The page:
Practice Fire Safety

Every two hours, someone in the United States dies in a fire. The vast majority of these deaths occur in homes, usually at night after people have gone to bed.

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Dry grasses, shrubs, and pine needles are highly flammable. Combine this with the already dry weather, and you have all the fuel needed to start a fire. California's climate and dry, flammable plants contribute greatly to the state's high incidence of wildfires.

How much land is burned by wildfires in the U.S. each year? ›

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What states are currently having wildfires? ›

Current Wildfires Burning in the U.S.
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  • Kansas. 3 fires. 808 acres.
  • New Mexico. 2 fires. 334 acres.
  • Arizona. 7 fires. 167 acres.
  • Washington. 17 fires. 22 acres.
  • Georgia. 1 fires. 11 acres.
  • Montana. 4 fires. 6 acres.
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Where to live in California to avoid wildfires? ›

Fresno. Central Valley's biggest city, Fresno, is one of the most affordable and safe places to live in California. The city is safe both climate-wise and crime-wise.

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3.Mendocino Complex459,123
4.SCU Lightning Complex396,624
16 more rows

What country has the most wildfires? ›

1. California, Washington, and Oregon – United States.

What are the 3 conditions when you should not fight a fire? ›

Never fight a fire:
  • If the fire is spreading beyond the spot where it started.
  • If you can't fight the fire with your back to an escape exit.
  • If the fire can block your only escape.
  • If you don't have adequate fire-fighting equipment.

What are the 3 A's of fire safety? ›

6) To remember the rules of fighting fires, just remember the three A's: Activate, Assist and Attempt.

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What are the top 3 causes of wildfires? ›

Naturally occurring wildfires are most frequently caused by lightning. There are also volcanic, meteor, and coal-seam fires, depending on the circumstances. Human caused wildfires can be accidental, intentional (arson), or from an act of negligence.

What are 5 ways wildfires affect humans? ›

The effects of smoke from wildfires can range from eye and respiratory tract irritation to more serious disorders, including reduced lung function, bronchitis, exacerbation of asthma and heart failure, and premature death. Children, pregnant women, and the elderly are especially vulnerable to smoke exposure.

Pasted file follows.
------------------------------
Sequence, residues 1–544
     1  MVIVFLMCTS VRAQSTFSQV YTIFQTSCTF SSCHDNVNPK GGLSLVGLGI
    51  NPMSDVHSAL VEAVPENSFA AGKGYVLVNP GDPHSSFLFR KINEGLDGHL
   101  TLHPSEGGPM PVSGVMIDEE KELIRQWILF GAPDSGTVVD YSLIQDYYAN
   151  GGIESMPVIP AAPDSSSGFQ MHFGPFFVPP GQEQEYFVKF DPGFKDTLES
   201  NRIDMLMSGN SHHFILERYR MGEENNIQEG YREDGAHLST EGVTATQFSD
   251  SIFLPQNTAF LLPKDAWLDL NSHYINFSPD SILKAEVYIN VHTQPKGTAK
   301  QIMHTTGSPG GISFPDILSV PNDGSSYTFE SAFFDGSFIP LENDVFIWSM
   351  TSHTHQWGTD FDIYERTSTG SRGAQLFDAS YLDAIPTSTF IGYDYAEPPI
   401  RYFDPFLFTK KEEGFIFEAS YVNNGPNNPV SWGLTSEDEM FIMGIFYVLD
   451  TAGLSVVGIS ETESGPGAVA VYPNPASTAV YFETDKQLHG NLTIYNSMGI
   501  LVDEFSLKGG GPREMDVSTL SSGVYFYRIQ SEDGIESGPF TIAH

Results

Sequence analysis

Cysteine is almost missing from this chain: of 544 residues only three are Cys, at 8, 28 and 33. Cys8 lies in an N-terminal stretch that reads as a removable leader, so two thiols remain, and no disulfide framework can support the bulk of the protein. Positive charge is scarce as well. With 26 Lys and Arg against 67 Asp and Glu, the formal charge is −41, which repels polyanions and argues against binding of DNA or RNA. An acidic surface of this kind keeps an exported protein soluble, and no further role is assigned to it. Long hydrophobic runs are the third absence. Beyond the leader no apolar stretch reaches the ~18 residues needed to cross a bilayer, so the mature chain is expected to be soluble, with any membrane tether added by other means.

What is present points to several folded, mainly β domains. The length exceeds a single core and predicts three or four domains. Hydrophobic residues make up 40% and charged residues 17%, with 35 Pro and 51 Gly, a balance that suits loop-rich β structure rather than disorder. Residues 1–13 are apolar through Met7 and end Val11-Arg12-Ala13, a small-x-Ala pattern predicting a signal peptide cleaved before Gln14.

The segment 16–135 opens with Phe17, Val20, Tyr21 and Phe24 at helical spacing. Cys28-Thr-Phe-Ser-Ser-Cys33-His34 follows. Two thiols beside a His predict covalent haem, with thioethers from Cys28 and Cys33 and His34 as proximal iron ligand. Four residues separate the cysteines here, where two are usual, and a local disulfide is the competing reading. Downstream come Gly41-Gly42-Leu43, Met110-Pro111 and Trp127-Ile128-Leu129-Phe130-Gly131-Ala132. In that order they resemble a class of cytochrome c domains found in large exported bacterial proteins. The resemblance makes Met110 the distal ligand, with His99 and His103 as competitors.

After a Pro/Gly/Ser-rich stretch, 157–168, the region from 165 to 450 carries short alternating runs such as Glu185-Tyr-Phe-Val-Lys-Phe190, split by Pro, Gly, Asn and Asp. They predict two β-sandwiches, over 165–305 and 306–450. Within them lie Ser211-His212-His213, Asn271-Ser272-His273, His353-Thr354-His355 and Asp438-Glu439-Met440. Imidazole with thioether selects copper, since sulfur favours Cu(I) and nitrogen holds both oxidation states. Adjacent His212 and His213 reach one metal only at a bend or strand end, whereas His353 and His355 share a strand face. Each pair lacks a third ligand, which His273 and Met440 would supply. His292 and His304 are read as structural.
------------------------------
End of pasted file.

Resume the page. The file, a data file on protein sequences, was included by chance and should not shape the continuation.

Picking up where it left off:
Which state has the most wildfires? ›

California is the most wildfire-prone state in the United States. In 2021, over 9,000 individual wildfires burned in the Southwestern state ravishing nearly 2.23 million acres. California accounted for roughly 31 percent of all acres burned due to wildland fires in the U.S.

What was the worst wildfire in history? ›

Canada and the United States
18451,500,000 acres (610,000 ha)The Great Fire
18651,000,000 acres (400,000 ha)The Silverton Fire
1853450,000 acres (180,000 ha)The Yaquina Fire
1868300,000 acres (120,000 ha)The Coos Fire
52 more rows

Can you outrun a forest fire? ›

Fire can move like a freight train – many times faster than you can run. Get away as quickly as you can. Especially if you actually see flames. If a fire starts growing quickly, you won't be able to outrun it.

Who causes the most wildfires? ›

There are two broad categories of causes: Lightning (and a rare chance of other natural causes) causes approximately 60% of wildfires.

What countries are battling wildfires? ›

Wildfires have been raging in Greece, Portugal, Spain, Italy, Turkey, the United Kingdom and France. Greece: A wildfire in mountains near Athens, forced hundreds of people to flee; however, authorities said it was later brought under control.

What was the biggest wildfire in history? ›

The biggest wildfire in recorded US history is the 1825 Miramichi Fire. It blazed through an estimated 3,000,000 million acres and claimed at least 160 lives.

Are 90% of all wildfires caused by humans? ›

The majority of wildfires are started by humans, but there are two ways that wildfires can ignite independently. The non-human causes for wildfire are lightning strikes and volcanic activity.

Are wildfires in the US getting worse? ›

Unfortunately, yes. Changes in our climate, along with other factors, have led to wildfires increasing in intensity, severity, size and duration.

Why does California have so many wildfires? ›

Dry grasses, shrubs, and pine needles are highly flammable. Combine this with the already dry weather, and you have all the fuel needed to start a fire. California's climate and dry, flammable plants contribute greatly to the state's high incidence of wildfires.

Are wildfires increasing worldwide? ›

The extent of area burned by wildfires each year appears to have increased since the 1980s.